Spring Chinook Salmon Fishery Update (5/11/2021)
Rapid River Run, Hells Canyon, and Clearwater River Fisheries
Hi everybody, it is time for my weekly spring Chinook Salmon update (5/11/2020). So let’s get right to it and discuss what we have learned since my last update.
As of yesterday (May 10, 2021), 37,320 adult Chinook Salmon had passed over Bonneville Dam this spring season which is about 45% of the 10-year average. During my last update (5/4/21), we were at about 50% of the 10-year average. The reason for this drop is because counts of adult spring Chinook Salmon at Bonneville Dam are tapering off. The figure below clearly shows how daily counts at Bonneville Dam this year (red line) have steadily declined since they peaked at over 4,500 fish in late April. This is not a good sign as it suggest that we have seen the peak and most of the spring run has passed over Bonneville Dam. We were hoping the run timing was a little late, but this data is suggesting the run may actually be a little early. To expect another surge of fish at this point, we would want to see high and/or dirty flows that could explain for a delayed migration. However, flows in the Columbia River have been average to below average lately.
To better understand how many hatchery salmon passing over Bonneville Dam are destined for Idaho, we need to look at PIT tag detections. The table below summarizes this data. If you are following this information closely, you will notice that the harvest share totals (fourth column) for all three fisheries have declined since my update last week. These harvest shares were calculated assuming the fish have an average run timing over Bonneville Dam. The declining harvest shares is yet another piece of information suggesting the run timing is a little early. At this point it looks like 75-80% of the Rapid River bound fish have passed over Bonneville Dam. If the run is 80% complete, you can expect our harvest shares to decrease. If we are closer to 75%, our harvest share should remain the same or slightly increase.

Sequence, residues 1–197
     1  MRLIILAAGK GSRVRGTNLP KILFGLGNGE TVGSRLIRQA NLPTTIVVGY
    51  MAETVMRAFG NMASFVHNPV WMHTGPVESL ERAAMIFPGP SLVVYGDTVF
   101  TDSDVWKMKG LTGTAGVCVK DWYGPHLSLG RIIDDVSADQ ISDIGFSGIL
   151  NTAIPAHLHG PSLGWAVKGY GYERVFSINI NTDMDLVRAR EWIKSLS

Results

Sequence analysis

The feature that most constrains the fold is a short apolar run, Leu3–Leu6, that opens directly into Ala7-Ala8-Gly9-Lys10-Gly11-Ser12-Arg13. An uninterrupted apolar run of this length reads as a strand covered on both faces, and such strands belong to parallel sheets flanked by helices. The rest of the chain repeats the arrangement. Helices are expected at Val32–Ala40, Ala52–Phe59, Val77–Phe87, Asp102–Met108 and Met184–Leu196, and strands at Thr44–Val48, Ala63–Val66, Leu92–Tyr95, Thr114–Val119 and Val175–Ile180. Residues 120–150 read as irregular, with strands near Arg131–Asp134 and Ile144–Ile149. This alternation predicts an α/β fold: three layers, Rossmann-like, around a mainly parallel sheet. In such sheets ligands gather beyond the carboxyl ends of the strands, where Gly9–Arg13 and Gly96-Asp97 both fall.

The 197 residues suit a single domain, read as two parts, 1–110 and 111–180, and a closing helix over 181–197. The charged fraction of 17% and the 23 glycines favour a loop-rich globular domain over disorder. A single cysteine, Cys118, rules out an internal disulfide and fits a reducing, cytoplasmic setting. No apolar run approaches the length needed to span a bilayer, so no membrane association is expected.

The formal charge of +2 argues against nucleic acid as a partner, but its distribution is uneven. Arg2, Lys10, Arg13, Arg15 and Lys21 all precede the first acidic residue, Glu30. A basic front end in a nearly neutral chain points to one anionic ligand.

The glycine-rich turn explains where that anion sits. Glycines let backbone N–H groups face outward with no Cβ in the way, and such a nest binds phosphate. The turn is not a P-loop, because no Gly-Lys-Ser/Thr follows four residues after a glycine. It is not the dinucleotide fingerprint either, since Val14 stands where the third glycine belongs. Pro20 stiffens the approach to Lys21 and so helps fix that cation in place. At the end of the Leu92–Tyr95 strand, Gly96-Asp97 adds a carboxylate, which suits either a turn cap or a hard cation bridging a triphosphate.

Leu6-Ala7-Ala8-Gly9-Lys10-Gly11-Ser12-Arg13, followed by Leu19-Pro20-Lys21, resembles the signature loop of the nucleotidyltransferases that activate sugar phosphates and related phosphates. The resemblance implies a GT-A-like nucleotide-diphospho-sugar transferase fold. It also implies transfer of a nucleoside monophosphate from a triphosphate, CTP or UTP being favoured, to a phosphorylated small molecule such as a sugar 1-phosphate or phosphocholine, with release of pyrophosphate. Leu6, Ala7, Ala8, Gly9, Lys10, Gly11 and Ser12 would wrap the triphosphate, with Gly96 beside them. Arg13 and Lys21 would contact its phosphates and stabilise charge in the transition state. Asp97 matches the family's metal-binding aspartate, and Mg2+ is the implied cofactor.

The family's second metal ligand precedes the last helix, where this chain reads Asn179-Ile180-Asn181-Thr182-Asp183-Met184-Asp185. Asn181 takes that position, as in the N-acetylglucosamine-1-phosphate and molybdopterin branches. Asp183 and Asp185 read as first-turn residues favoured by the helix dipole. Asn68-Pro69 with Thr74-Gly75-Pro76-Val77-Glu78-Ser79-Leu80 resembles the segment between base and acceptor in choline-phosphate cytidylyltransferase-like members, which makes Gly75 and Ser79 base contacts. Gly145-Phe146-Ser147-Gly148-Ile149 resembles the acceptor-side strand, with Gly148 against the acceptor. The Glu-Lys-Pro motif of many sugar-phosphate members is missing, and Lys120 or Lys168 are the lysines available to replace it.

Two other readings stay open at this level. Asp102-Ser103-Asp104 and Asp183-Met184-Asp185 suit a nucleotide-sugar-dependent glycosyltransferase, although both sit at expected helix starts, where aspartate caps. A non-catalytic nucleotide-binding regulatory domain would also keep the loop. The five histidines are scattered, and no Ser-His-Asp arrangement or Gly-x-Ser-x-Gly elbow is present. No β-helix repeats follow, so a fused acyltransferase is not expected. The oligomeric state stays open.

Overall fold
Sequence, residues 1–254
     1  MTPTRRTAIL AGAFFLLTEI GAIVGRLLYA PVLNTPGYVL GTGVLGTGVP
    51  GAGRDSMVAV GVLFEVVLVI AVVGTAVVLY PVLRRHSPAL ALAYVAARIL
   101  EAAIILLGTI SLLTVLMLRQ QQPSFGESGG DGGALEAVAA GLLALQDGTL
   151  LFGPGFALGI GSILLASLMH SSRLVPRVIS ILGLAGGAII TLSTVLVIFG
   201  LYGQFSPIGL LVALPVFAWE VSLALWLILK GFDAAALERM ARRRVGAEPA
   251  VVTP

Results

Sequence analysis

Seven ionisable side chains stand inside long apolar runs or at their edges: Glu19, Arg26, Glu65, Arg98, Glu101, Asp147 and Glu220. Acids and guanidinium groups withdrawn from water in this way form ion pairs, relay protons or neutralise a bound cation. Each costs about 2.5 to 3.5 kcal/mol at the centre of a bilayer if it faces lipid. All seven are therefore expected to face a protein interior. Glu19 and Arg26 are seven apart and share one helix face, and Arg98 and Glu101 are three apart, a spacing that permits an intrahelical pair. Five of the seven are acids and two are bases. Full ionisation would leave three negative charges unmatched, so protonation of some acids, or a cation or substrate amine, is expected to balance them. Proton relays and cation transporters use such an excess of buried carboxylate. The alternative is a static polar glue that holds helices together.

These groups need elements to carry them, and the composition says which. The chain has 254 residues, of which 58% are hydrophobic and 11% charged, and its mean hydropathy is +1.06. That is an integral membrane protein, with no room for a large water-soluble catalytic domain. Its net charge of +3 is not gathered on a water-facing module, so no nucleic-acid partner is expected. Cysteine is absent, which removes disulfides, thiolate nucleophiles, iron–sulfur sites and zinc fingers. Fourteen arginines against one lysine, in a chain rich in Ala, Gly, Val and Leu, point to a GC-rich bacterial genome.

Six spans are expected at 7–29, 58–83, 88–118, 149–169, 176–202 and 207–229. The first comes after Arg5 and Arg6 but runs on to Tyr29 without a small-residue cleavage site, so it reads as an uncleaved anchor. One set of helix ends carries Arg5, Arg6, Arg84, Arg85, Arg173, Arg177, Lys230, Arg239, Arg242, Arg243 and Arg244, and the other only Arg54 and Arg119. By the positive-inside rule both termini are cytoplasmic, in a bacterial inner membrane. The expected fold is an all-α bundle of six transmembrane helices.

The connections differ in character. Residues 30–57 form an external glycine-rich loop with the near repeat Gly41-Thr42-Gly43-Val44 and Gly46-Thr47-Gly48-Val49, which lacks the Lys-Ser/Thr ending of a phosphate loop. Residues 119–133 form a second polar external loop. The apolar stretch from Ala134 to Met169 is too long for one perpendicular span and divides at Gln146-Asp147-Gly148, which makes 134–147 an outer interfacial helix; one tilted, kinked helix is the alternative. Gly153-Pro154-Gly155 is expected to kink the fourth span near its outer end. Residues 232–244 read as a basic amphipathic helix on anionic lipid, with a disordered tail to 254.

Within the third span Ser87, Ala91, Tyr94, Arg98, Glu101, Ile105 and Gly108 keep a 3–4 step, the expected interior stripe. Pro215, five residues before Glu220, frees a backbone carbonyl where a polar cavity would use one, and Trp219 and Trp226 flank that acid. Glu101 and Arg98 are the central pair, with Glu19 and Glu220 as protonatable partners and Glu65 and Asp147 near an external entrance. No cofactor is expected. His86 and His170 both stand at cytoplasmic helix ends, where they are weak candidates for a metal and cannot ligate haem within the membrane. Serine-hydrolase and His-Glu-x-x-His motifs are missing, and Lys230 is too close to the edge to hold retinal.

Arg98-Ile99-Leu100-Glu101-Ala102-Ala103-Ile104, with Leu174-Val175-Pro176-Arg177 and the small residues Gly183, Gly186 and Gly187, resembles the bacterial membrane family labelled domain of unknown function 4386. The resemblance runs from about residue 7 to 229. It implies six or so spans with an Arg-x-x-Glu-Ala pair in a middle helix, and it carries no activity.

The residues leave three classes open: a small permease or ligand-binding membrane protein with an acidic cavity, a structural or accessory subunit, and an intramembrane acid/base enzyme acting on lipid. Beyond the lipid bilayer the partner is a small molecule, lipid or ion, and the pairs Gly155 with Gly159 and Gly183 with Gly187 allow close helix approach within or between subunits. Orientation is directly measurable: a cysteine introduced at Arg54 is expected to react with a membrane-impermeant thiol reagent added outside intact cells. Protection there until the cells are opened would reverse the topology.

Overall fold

Last week I mentioned that we were seeing improvements in the Clearwater River return and were hoping counts would continue to improve so that we could open a fishery there. However, as you can see in the table above, our estimates indicate there will be no available harvest share unless things turn around dramatically. We will keep a close eye on this information and keep you posted if any new developments occur.
We observed a few more anglers salmon fishing last week, but still we have not talked to anybody who has harvested a salmon. I think that will all change this week as it appears counts over Lower Granite Dam peaked on Sunday and Monday (over 1,400 fish each day). With the lower than average flows we are experiencing in the Snake and Salmon rivers, many of these fish will likely make it to the lower Salmon River this weekend. I do want to remind you that if the harvest share for the Rapid River run fishery ends up at 600-900 adult fish, the fishery will likely only remain open two or three weeks once the fish get there. Our goals is to divide up the harvest so half occurs in the Salmon River and half occurs in the Little Salmon River.
That is all I have for you until next week’s update. I hope you all have a good week.